County Attorney will review cases of juveniles serving life after new Supreme Court ruling.

Monday, January 25, 2016

Hennepin County Attorney Mike Freeman said his office will promptly review the life-without-parole sentences being served by five Hennepin County juveniles in light of a U.S. Supreme Court decision Monday.

 

In the case of Montgomery v Louisiana, the Supreme Court elaborated on its landmark 2012 Miller v. Alabama decision that called sentences of juveniles to a mandatory life sentence without parole a violation of the Eighth Amendment against cruel and unusual punishment.

 

Until today, however, it was unclear whether that 2012 decision was retroactive for juveniles already serving their life sentences. In the Montgomery decision, the justices ruled 6-3 that the ruling was retroactive.

 

“There are eight juveniles statewide who are serving life sentences without the possibility of parole and five of them are Hennepin County cases,” Freeman said. “In light of today’s ruling, we will evaluate those cases with all due speed and determine what, if anything, we must do to be in compliance with the high court’s ruling.”

 

One of the five cases already was reviewed and earlier this month Hennepin County District Court Judge Peter Cahill changed Mahdi Ali’s sentence. The change made Ali eligible for parole, but only after serving 30 years in prison on each one of his murder counts. Ali was convicted of murdering three people at the Seward Market in 2010 and he received 30 year sentences on each count to be served consecutively for a total of 90 years.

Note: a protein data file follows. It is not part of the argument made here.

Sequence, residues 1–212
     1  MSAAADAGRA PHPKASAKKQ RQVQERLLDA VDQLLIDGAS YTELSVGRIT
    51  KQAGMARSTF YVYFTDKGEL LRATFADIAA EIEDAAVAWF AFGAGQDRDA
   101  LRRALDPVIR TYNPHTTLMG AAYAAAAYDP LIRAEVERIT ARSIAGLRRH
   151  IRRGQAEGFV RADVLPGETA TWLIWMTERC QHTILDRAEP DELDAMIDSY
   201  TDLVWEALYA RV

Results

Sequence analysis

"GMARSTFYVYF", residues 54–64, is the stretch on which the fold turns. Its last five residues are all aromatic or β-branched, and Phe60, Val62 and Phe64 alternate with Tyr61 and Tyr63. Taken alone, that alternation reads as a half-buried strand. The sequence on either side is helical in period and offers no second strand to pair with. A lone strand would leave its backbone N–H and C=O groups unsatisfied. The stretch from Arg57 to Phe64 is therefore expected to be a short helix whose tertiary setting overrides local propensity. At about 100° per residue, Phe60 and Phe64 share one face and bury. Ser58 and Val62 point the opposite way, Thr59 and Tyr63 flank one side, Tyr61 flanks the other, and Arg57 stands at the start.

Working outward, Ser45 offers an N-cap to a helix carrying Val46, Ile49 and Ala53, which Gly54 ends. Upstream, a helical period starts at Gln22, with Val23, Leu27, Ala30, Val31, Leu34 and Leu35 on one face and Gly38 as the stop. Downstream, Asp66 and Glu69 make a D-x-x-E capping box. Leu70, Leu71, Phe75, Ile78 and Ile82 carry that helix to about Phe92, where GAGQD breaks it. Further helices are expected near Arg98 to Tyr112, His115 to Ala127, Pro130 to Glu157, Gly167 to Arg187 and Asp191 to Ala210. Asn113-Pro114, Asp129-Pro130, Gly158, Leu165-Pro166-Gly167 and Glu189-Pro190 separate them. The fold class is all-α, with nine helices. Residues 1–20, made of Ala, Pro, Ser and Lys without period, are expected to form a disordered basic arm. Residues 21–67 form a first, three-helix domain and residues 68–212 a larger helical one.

In the Montgomery case, Henry Montgomery was 17 years old when he fatally shot a deputy sheriff in East Baton Rouge, Louisiana in 1963. He is now 69 years old and claimed he should have access to a parole hearing and possible release.

 

The Supreme Court, in its decision, stated that “a state may remedy a Miller violation by permitting juvenile homicide offenders to be considered for parole, rather than by resentencing them.”